Sumary of Is inflation spike a blip – or could consumers be facing a ‘nasty surprise’?:
- Not only does this put it at the highest level in nearly a decade, the month-on-month change from July to August is the biggest increase since the CPI was introduced as a measure of prices in 1997. This is, in other words, big stuff.
- The question is hardly trivial, given an inflationary spiral, where prices rise ever higher, is one of the great fears of all economists.
- On the one hand, a lot of the upward pressure in prices at the moment is as much a function of what was happening last year than what’s happening now.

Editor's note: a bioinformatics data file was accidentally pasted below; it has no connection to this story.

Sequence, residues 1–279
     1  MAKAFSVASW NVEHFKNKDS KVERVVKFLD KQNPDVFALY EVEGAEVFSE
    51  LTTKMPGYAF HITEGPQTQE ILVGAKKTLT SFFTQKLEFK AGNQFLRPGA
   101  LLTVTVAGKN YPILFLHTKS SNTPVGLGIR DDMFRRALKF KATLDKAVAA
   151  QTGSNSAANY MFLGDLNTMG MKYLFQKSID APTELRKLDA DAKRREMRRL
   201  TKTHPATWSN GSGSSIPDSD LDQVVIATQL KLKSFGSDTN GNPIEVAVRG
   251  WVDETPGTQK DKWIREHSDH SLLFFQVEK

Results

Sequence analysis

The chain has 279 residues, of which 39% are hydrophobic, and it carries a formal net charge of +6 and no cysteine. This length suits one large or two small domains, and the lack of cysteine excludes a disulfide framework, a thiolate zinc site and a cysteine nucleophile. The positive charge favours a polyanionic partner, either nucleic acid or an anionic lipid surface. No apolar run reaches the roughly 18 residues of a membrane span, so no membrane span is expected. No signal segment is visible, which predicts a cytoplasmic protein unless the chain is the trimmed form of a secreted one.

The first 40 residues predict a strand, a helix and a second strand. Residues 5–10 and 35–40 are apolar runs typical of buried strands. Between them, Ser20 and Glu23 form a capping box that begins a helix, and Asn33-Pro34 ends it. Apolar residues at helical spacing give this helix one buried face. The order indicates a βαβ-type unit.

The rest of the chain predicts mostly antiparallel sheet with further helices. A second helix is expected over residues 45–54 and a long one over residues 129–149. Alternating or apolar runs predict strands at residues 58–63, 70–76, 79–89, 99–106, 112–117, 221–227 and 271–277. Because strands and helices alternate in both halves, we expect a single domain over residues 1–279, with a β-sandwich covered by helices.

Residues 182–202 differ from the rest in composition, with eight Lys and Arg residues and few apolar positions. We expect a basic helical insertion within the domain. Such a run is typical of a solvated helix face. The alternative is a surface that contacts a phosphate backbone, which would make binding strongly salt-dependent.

- One year on, restaurant prices are no longer discounted, so there is what economists call a “base effect” pushing up the inflation index.
- Indeed, that is likely to be the broad message we get in the coming weeks from the Bank of England Governor Andrew Bailey, who is now duty-bound to provide a letter of explanation as to why CPI is now more than a percentage point above the monetary policy committee’s 2% target.
- He has consistently argued that many of the effects pushing up prices are temporary, and that while inflation will rise further, it will abate next year.
- Not long ago it was projecting that prices would not rise beyond 3% this year.
- And when you look across that “shopping basket” of different categories of goods and services, you see a lot of evidence of rising prices.